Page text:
So says Huffington Post and a meander around to whale.to and AoA (Updated 0731)

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I was over at Huff yesterday looking at Amanda Copeland's new post, thanks to Alexander's (A View from the Boundaries) post on it. And I noticed this new triangle and warning before you comment.
Apparently, in the break I've taken from Huff because I was tired of excessive moderation and the continued regurgitation of paranoia and histrionics that the two remaining nemeses keep putting in, Huff put up a new sign and warning: hey, don't bother, we're afraid of people getting their feelings hurt or some such nonsense. If the moderators on Huffington were actually doing their job and following the guidelines rather than being arbitrary about it, well, that would be "okay": you'd get sanitized commentary on an article; it sounds so boring, but it would be evenhanded and done by the guidelines. I'm not sure what is going on at Huffington, but it isn't particularly impressive when it comes to arbitrary censorship based on how lazy the moderator is or whether the moderator philosophically opposed your position. If you want interesting, fly by commenting, you have to stick to the news articles. There it is still fast ball and interesting. It's not usually substantive in discourse, but you can post and it gets on.
Contrary to someone's argument that the woo fighters have disappeared because there is some new study proving thimerosal causes autism (dude hasn't provided the information and wouldn't that have made the news?), we are actually busy doing the things he himself argued people should be doing: many of us are busy trying to build up a facebook group and a forum for parents to gather, get information, and be supportive. It's far more satisfying and potentially more effective than repeatedly showing someone who goes to whale.to for his/her information that they just might not be on the right track regarding the information they're getting.
At this point, though, I figure the minute I see someone use whale.to, I know everything I need to know. It's one of the reasons the editors and regular contributors at Age of Autism have no credibility with me. They write over there, too.
Update. 07/31
Now the Amanda Copeland article is Fully Moderated and it has a flag symbol. Lovely. Sort of like this one quote from Amanda that had me cracking up: "While vaccines, directly given, did not damage my daughter, vaccines have triggered autism in about 90% of the worldwide autism population. http://www.generationrescue.org/evidence-science/05a-autism-and-vaccines.htmhttp://www.rollingstone.com/politics/story/7395411/deadly_immunity"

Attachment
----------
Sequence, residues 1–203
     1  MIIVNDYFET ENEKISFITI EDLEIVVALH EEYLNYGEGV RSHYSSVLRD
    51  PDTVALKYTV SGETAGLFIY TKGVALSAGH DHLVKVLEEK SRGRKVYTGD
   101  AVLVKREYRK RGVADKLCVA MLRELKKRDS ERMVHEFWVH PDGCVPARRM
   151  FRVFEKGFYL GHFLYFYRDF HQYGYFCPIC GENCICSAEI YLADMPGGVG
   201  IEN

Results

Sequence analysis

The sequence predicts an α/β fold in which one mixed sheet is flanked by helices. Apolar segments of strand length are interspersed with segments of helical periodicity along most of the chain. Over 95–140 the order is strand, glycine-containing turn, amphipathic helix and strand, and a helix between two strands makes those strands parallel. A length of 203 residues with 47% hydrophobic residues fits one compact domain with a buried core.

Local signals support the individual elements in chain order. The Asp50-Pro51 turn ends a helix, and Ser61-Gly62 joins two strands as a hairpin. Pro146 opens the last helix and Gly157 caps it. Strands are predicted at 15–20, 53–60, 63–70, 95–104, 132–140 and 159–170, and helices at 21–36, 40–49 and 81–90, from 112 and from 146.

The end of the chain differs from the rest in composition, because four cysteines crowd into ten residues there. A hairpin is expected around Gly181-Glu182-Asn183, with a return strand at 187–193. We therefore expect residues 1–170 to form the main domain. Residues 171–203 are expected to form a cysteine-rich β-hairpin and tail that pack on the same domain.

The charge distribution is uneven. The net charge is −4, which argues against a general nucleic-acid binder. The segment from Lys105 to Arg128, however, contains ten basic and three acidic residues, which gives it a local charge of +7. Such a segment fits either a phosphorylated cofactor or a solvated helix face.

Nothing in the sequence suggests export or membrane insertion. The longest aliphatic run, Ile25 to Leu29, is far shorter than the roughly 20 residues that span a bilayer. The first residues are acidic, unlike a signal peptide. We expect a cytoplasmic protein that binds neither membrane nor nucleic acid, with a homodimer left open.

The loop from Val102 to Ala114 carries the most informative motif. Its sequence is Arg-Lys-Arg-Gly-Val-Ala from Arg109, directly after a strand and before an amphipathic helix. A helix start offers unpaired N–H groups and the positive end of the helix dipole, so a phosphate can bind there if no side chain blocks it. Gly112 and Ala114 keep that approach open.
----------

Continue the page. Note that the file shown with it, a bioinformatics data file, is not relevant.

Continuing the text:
Unbelievable, really. The whole thing. This woman had her daughter injected with IVIG 18 separate times. Despite no evidence that this was a safe or effective thing to do.
Audrius V. PlioplysIntravenous Immunoglobulin Treatment of Children With AutismJ Child Neurol, February 1998; 13: 79 - 82.
"Given a positive response rate of only 10% in this study, along with the high economic costs of the immunologic evaluations and the intravenous immunoglobulin treatments, the use of intravenous immunoglobulin to treat autistic children should be undertaken only with great caution, and only under formal research protocols."
Did that happen? No.
I get desperation, I get wanting to help your child in anyway possible. But gambling in the way so many of the loyalist AoAers appear to do or want to do blows me away. It's like the folks who want the magic weight loss pill rather than being willing to do the hard work and time investment.
And they are proud of it, proud of their rejection of evidence-based medicine, their rejection of the scientific method. They wear their rejection as a badge of distinction. It's certainly distinct. I suspect that this rejection is not simply confined to their children's medical care, but systemic and global. I further suspect, based on way too much time spent on Huff in a dialogue with several poster children for the "movement" that there is no reasoning with them at all.
So, to add to my list of sites one has to mention for me to know all I needed: Generation Rescue and Rolling Stones. Boy, if you get your autism info from these two entities, well, you might be a ....

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